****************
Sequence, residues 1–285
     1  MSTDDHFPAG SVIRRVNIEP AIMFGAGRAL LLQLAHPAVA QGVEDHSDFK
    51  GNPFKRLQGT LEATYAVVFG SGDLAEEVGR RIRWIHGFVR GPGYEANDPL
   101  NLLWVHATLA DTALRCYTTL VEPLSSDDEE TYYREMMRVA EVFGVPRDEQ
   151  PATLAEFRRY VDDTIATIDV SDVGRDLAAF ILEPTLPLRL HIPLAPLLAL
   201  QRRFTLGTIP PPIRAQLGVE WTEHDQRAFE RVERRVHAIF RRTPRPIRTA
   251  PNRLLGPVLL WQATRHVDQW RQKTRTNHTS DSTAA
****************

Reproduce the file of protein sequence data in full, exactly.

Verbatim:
Sequence, residues 1–285
     1  MSTDDHFPAG SVIRRVNIEP AIMFGAGRAL LLQLAHPAVA QGVEDHSDFK
    51  GNPFKRLQGT LEATYAVVFG SGDLAEEVGR RIRWIHGFVR GPGYEANDPL
   101  NLLWVHATLA DTALRCYTTL VEPLSSDDEE TYYREMMRVA EVFGVPRDEQ
   151  PATLAEFRRY VDDTIATIDV SDVGRDLAAF ILEPTLPLRL HIPLAPLLAL
   201  QRRFTLGTIP PPIRAQLGVE WTEHDQRAFE RVERRVHAIF RRTPRPIRTA
   251  PNRLLGPVLL WQATRHVDQW RQKTRTNHTS DSTAA